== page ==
But unfortunately, just then, his good friend from Moscow, Ambassador Bernes, who had business in Milan, arrived in Vienna. He again assured him that he would only accept the will of his brother Ferencz, as it is, for the time being; then he speaks to the Queen and frees Frederick from this awkward situation. He even went up to the yard and returned with the best promises. Then Frederick calmed down. Mr. Bernes promised him that as he returned from Vienna to Milan, he would go straight to the liberation of the Trenk Mass and not return to Moscow until he registered his young friend in the estates of Pakrat, Petrovac, and Pleternitz.

Then Frigyes only asked for Ferencz’s will, which he had not seen before.

Here came the new surprises.

The tradition of Ferencz Trenk was subject to three conditions.

The first is for the general heir to convert to the Roman Catholic faith. (The Trenkes were Lutherans.)

The second is to serve only as the Austrian monarchy.

The third is to turn all your wealth into an inalienable trust.

These conditions have weighed on the legacy of millions even more heavily than the sixty-three processes.-290-

And Frederick once again opened the way for the offspring of his good fortune to escape this labyrinth.

Barely Mr. Bernes had left Vienna, when Frederick met the Prussian ambassador on the evening of the Ambassador of Palatinate, who summoned him to a window with gentle gentleness and began to speak before him about King Frederick’s changed temper for Trenk. The ambassador took out all his persuasive talents to persuade Frederick to return to his homeland. He granted him the amnesty of the king, bound his love for his homeland to his soul. Frederick remained adamant.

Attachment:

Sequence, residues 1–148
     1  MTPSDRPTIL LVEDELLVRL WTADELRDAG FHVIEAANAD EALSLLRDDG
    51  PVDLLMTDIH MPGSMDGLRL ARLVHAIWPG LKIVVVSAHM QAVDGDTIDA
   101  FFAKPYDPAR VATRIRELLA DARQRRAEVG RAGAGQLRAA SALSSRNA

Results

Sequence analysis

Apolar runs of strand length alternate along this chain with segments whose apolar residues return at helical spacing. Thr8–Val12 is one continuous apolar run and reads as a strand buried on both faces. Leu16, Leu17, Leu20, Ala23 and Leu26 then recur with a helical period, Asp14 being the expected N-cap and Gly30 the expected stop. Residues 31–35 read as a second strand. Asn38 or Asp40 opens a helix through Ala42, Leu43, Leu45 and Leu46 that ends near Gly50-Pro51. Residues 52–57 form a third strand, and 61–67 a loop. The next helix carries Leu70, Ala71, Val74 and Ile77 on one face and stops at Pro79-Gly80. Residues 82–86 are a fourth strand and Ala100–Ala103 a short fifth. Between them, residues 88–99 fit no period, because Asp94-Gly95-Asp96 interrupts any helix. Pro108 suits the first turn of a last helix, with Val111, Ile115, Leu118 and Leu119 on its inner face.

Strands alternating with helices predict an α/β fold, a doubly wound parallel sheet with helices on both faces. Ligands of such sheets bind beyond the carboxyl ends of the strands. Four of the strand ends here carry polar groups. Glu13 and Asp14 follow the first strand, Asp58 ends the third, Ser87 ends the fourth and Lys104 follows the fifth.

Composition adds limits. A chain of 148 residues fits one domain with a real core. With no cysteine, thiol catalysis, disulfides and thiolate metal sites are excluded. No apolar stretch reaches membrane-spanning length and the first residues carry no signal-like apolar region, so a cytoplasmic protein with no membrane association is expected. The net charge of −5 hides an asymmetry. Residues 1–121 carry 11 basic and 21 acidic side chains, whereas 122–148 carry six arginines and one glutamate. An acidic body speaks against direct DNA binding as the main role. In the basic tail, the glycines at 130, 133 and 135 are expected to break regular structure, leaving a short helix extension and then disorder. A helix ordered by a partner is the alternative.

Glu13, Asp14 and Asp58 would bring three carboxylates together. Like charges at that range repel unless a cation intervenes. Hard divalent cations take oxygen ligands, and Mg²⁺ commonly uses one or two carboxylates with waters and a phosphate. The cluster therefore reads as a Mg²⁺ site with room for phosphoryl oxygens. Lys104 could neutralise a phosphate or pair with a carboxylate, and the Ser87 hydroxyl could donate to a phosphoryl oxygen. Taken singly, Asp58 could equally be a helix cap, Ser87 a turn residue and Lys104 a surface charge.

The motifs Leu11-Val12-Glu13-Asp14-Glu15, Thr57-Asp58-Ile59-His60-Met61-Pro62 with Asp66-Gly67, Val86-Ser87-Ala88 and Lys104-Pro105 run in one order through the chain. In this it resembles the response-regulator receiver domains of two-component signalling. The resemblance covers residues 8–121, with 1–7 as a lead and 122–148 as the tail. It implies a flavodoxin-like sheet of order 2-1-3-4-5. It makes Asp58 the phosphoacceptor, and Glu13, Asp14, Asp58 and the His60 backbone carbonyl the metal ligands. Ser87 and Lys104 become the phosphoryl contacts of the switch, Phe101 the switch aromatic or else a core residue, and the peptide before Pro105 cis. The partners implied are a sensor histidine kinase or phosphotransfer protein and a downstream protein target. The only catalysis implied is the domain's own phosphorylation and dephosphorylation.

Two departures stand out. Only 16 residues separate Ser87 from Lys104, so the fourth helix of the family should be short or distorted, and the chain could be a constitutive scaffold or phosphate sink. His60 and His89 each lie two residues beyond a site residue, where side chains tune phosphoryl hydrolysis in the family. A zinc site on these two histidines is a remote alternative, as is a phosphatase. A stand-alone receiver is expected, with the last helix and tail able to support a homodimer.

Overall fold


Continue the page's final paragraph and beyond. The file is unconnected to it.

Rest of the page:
Then he spoke to his ambition. King Frederick will appoint him commander of a cavalry regiment; a bright military track opens up in front of him in his own homeland; while here you can wait in your new homeland, while you get stuck in an unnecessary place, you get stuck there. You can see from his brother’s example what the reward is for the merits he won on the battlefield in Austria. “It didn’t start Frederick either.”

He finally attacked the most sensitive part. He told her about his love. About his only love. About the guardian angel who still includes him in his prayers. – It didn’t even beat him!

That damn million kept his soul locked up.

Frederick refused the ambassador’s offer, the king’s mercy, and thereby openly confessed himself to the enemy of his homeland.

It was his biggest mistake and his biggest sin. On this broke his fate in the waist.

He himself admitted later and accumulated heavy self-accusations in his old age that at that time he did not accept this turn of destiny and made his whole youth and vitality nullified by it.

Because of a million!

But the executors of that million inheritance demanded that the condition of the will be enforced. First of all, the conversion to the Roman Catholic faith.-291-